Sure, Inspiration is a fickle thing but it does have a pattern.

I think one of the most important things for me was finding out what inspired me and mainly where inspired me. We’re all different, we perceive the world differently and we draw energy from different things. Some thrive on company, others on solitude, some love the noise and the bright lights and the thrilling energy of the big cities and others need the sound of rain, the rustle of leaves and the soothing serenity of the countryside. That’s me. It took me many years and being forced to live in the city for work to realize that I’m most inspired when I’m in nature. People make me claustrophobic, concrete buildings numb my inspiration. I need the croak of a frog, the iridescent glimpse of a dragonfly landing on a leaf. I need clean air and I need quiet.

What do you need? Do you know?

Find it and then, if you can, surround yourself with it, immerse yourself, close your eyes and let the feel of geographical inspiration prickle on your skin. Feel it. And then manifest it. I think inspiration is like a seed and it lies dormant within each of us until it falls on fertile ground and then the more you feed it, the more it grows. Every idea is a new blossom, another leaf and even when the seasons change, as long as you keep feeding it, your plant is evergreen. I also think it’s important to distinguish between being brave and being reckless. I always had this idea about my glamorous life as a photographer. I’d quit my teaching job, jet from Paris to Milan to New York and back and do cocaine and vodka shots in bathrooms with models and directors after quickly snapping some photos somewhere in between. I did quit my teaching job. I did start working as a photographer. With my bank account looking more barren each month I began living my “glamorous” life in downtown Barcelona. I bumbled from one location to the next on the metro, shared a seedy apartment with three guys and two families of cockroaches in the red light district and smoked weed in the tiny windowless bathroom. My parents never visited and neither did my inspiration. I worked freelance for a production company and my photos were between mediocre and fine. I just wasn’t feeling it. I jumped head first into a situation I couldn’t judge, no foresight and no pragmatic thinking. The bohemian idea of what it meant to be an artist, I think anyway, is more often than not just that - an idea. I’m not saying don’t dream, I’m not saying don’t work towards this ideal if it is what you long for.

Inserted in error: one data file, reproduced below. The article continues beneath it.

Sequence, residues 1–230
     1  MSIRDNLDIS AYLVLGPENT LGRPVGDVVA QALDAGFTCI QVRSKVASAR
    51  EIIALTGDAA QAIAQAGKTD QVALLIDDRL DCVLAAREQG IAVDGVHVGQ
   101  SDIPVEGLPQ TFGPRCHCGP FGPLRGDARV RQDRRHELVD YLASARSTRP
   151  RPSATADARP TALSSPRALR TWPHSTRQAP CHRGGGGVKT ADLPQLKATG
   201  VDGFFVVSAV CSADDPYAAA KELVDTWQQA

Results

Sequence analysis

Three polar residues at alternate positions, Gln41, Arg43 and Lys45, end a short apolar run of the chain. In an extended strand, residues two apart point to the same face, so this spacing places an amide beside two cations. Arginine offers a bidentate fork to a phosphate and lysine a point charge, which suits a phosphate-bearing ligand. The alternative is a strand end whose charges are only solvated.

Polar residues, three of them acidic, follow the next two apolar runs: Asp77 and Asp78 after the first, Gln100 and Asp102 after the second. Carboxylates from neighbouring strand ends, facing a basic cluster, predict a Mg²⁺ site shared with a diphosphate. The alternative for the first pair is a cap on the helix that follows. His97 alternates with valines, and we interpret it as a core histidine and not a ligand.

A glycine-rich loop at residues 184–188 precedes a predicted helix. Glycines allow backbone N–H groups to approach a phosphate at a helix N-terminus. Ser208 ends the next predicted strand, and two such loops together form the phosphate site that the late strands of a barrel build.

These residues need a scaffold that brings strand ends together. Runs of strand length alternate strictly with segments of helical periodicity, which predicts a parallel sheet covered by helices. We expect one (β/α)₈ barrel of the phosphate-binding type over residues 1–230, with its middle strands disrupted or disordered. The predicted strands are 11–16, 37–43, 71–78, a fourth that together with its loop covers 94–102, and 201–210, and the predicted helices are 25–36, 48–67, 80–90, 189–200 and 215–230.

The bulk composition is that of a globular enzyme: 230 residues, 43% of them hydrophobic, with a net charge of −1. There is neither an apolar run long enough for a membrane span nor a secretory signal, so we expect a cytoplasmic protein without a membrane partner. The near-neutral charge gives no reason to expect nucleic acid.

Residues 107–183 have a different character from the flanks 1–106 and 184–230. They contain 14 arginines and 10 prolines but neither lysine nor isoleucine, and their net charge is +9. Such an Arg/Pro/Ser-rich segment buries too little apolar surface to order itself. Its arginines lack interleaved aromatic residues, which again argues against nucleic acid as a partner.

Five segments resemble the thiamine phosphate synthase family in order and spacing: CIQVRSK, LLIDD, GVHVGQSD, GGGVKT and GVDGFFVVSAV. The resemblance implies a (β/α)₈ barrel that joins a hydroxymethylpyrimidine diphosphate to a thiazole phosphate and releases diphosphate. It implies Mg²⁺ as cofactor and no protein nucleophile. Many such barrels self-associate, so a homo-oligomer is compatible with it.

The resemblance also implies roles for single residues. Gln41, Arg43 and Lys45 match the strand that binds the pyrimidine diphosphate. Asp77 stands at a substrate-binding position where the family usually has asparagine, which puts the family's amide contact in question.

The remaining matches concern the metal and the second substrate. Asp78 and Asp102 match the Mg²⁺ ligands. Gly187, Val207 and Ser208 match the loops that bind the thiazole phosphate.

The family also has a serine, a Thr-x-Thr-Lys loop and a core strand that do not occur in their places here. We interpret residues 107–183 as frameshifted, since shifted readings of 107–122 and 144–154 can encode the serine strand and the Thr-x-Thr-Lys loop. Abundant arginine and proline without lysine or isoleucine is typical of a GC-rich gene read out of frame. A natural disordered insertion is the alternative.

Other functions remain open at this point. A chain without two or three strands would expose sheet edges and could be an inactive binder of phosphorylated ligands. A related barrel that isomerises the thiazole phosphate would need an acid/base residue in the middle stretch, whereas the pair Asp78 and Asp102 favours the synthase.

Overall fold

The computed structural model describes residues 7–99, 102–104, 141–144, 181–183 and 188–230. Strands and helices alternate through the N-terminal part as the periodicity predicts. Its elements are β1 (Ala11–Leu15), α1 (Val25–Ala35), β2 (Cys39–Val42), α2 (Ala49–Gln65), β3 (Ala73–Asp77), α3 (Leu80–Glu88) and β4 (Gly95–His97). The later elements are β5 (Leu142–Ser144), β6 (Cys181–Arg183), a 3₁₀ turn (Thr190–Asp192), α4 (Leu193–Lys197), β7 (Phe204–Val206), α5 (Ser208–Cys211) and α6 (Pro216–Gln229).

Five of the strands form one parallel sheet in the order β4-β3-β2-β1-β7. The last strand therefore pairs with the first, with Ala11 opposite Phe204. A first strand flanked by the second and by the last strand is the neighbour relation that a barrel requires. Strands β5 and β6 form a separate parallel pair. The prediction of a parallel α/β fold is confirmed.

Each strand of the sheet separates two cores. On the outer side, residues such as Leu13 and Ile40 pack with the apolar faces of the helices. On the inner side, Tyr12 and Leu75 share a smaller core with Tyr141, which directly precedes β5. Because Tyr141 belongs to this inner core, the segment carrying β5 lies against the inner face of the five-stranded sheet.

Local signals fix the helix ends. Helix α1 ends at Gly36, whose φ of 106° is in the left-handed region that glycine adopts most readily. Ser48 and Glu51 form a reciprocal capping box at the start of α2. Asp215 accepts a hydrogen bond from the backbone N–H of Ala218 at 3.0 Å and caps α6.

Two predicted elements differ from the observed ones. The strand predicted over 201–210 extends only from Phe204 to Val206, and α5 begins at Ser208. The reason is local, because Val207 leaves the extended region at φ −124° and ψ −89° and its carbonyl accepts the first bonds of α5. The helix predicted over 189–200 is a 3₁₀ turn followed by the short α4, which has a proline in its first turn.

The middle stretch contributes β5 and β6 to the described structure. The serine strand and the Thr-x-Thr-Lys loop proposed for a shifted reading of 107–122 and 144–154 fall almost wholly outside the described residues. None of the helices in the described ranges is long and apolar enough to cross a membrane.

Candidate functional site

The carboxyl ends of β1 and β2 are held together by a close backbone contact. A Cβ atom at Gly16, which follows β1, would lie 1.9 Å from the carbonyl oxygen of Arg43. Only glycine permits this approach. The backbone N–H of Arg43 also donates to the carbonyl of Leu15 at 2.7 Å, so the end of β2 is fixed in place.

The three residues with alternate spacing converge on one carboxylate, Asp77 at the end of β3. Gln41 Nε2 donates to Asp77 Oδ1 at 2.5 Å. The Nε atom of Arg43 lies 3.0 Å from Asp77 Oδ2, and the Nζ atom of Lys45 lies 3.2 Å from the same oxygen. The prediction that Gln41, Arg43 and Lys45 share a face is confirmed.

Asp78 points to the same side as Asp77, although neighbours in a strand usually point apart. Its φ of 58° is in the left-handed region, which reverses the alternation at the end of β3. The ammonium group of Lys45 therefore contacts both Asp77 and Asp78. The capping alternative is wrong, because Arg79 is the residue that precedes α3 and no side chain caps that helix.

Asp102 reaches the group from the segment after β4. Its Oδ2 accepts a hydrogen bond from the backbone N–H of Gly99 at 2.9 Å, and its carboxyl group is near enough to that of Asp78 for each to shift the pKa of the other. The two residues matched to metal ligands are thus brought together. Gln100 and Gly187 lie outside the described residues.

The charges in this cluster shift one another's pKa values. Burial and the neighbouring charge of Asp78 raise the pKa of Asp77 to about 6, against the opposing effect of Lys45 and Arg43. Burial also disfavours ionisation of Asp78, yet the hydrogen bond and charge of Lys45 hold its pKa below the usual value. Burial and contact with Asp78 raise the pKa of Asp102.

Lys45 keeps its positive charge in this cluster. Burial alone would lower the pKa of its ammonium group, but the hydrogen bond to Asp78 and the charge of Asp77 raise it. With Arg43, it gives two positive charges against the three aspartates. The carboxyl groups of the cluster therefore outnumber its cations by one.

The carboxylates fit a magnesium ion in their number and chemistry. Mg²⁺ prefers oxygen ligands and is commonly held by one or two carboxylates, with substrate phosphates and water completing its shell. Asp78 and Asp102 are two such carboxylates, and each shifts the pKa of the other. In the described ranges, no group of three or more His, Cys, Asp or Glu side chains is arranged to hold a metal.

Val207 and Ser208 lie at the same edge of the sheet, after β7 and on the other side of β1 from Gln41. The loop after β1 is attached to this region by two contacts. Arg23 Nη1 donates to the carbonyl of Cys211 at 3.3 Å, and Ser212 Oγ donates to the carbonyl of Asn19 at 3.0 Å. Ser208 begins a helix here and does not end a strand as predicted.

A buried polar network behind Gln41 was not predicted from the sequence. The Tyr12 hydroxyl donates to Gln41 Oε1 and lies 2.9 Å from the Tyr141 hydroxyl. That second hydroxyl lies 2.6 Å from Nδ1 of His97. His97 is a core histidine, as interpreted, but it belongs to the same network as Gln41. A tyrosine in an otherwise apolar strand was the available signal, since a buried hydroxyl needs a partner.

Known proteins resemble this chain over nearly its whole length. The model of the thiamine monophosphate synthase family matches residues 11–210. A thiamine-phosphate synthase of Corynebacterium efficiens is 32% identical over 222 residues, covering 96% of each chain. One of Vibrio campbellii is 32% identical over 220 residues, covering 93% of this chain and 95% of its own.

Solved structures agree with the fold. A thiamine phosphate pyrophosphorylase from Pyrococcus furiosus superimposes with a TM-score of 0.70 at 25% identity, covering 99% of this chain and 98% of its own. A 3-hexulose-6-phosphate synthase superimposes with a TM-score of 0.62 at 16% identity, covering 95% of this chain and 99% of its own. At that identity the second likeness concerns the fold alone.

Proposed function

My point is don’t be reckless, just be brave.